Matt Vensel is in his first year at the Star Tribune after covering the Ravens for the Baltimore Sun for six years. He is a Pittsburgh native and a Penn State grad. Follow him at @mattvensel.


Mark Craig has covered the NFL for 23 years, and the Vikings since 2003 for the Star Tribune. He is one of 44 Pro Football Hall of Fame selectors. Follow him at @markcraignfl.


Master Tesfatsion is the Star Tribune’s digital Vikings writer. He is a 2013 graduate of Arizona State and worked for mlb.com before arriving in Minneapolis. Follow him at @masterstrib.


Labor update: The talking (to the media) continues

Posted by: under NFC Updated: March 21, 2011 - 2:57 PM

NEW ORLEANS -- Last week, the locked out NFL players had the floor as they held their meetings in Marco Island, Fla. This week, it's the NFL owners turn to get their message out at league meetings at the Roosevelt Hotel.

Jeff Pash, NFL executive vice president and lead negotiator, was among those who addressed owners this morning. Pash then conducted a news conference in the afternoon. It comes as no surprise, but the spin from both sides has reached a fever pitch and honestly I wonder if either side realizes that most fans have no interest in hearing it.

"The owners understand what happened at the end of the mediation session was that the union left and announced that they had engaged in this so called decertification and filed their lawsuit," Pash said in reference to what happened on March 11 when talks broke down. "That's unfortunately what happened."

Earlier today an NFL official -- not Pash -- called the NFL Players Association decertification "a fake suicide." In fact, the NFL made a filing today in response to the players' request for an injuction asking that the federal court in St. Paul wait for the NLRB grievance to be heard. That grievance states the union decertifying is a sham. It's not clear when that grievance will be heard.

Pash did acknowledge that Mike Vrabel, who had been on the executive committee of the NFLPA before it disbanded, had a sensible proposal when he suggested that it would be wise for the players and owners to sit down and meet.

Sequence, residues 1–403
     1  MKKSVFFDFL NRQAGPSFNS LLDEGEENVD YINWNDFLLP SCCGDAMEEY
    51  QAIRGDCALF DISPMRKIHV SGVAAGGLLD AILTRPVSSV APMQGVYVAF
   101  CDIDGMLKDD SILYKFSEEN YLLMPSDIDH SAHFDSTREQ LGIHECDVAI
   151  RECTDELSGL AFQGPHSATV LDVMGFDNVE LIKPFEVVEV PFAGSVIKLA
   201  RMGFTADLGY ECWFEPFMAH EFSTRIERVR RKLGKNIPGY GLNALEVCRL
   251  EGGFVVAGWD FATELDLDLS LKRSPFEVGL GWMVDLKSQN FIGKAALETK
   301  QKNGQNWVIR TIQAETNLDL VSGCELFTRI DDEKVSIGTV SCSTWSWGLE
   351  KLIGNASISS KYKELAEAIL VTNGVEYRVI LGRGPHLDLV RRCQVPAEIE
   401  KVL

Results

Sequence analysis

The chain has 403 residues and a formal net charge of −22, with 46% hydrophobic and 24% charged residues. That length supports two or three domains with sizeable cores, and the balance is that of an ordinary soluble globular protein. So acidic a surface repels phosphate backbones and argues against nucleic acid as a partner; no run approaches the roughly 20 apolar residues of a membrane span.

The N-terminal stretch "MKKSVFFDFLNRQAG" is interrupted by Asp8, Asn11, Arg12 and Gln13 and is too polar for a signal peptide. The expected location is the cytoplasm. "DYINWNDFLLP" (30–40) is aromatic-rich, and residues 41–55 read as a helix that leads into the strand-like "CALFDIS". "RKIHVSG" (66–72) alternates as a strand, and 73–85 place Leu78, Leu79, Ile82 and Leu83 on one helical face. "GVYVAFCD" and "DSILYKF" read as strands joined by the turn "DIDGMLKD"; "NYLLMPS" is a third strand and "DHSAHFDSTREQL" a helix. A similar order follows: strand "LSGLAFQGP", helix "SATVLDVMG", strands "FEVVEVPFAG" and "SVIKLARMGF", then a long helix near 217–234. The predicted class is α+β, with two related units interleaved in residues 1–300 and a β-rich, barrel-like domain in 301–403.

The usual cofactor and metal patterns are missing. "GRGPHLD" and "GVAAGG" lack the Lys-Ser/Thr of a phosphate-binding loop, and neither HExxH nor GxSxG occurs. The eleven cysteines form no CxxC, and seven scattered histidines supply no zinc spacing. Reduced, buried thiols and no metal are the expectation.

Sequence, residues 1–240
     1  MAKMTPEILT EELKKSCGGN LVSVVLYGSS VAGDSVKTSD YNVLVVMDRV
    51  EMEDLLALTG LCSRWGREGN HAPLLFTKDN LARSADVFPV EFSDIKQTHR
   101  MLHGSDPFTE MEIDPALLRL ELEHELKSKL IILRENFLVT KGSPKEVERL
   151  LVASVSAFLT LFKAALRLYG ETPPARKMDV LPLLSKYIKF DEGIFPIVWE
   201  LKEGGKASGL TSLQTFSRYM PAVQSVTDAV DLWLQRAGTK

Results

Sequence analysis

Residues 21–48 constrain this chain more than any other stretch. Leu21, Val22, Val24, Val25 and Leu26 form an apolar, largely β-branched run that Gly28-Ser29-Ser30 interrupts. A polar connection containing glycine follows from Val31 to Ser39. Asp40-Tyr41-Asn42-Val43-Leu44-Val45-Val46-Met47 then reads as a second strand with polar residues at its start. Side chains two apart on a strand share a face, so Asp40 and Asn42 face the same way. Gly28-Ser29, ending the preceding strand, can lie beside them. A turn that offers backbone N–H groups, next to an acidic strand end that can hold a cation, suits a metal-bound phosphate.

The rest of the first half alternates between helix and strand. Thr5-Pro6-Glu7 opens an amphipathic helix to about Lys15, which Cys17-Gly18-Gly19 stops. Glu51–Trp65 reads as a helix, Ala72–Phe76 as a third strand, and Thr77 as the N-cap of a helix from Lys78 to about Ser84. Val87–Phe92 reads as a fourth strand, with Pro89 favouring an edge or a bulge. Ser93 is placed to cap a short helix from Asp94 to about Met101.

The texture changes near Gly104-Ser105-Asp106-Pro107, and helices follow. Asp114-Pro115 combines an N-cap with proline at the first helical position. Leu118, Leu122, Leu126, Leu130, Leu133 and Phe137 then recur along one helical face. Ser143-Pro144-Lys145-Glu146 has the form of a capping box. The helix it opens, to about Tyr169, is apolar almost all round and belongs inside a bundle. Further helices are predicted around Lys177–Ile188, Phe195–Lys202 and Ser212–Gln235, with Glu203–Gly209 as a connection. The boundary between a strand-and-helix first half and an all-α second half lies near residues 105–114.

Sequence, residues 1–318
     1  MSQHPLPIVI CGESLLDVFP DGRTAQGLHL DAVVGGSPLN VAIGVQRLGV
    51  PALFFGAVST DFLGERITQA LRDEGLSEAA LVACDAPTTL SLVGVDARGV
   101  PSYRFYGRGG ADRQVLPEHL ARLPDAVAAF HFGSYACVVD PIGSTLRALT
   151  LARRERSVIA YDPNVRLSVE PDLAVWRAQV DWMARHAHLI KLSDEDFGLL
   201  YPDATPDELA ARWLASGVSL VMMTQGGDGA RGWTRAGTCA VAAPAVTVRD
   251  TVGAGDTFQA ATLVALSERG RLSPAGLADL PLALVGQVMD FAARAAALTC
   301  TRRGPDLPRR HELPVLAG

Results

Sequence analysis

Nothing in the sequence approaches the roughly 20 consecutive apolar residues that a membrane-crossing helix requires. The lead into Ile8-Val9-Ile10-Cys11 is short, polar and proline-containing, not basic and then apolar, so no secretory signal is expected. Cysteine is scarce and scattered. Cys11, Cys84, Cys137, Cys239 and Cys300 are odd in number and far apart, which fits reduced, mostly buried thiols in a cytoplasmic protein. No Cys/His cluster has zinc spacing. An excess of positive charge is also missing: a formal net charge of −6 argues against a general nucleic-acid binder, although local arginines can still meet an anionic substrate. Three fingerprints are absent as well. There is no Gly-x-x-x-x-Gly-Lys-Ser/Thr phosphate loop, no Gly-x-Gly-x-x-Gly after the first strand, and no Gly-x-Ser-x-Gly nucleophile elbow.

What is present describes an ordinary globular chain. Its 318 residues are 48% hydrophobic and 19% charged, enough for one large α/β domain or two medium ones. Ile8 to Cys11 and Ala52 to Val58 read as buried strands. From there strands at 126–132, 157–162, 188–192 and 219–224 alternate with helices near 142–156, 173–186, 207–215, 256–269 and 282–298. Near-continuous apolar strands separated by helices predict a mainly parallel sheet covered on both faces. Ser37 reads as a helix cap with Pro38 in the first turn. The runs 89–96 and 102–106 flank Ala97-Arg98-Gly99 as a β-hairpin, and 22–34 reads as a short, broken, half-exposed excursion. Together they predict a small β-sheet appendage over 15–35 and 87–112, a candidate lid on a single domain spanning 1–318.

"I think the point that Mike Vrabel made was a fair one," Pash said. "That the people who are writing checks and the people who are cashing checks should be at the table together and let's have decision makers be at the table together. So when he said that their executive committee should be meeting with the CEC [which is the NFL's management Council Executive Committee] I understand that point of view.

"That's why we were very quick to say that our team, including the  owners that they asked for, would be prepared to meet with the union's executive committee. ... We could do that at any time. In terms of the middle ground, I guess one possibility which we have entertained would be going back into the mediation process. That is a confidential process and it's one that we think had a lot of benefit over the course of about 18 days. ... The critical thing is that our commitment is to negotiate. We're not going to solve this in litigation. All that's going to do is delay us and I think we made some real progress over the course of the mediation."

Pash did say the NFL is willing to put into place offseason changes immediately for a new deal. That would put limits on offseason workouts and Organized Team Activities.

However, at this point it can't be considered a good thing that it's reporters, and not players, listening to these proposals.

On another note, Chip provided this update on Chris Cook's court hearing today in Virginia.

Cook had an advisement hearing on a misdemeanor gun charge in Lynchburg. He was not required to attend the hearing, which was to determine if he had an attorney. Cook’s attorney Mark Arthur said his client is scheduled for a May 6 hearing at which he will plead not guilty. Cook admitted he had a verbal argument with a neighbor but he has denied brandishing a gun during their dispute.
 
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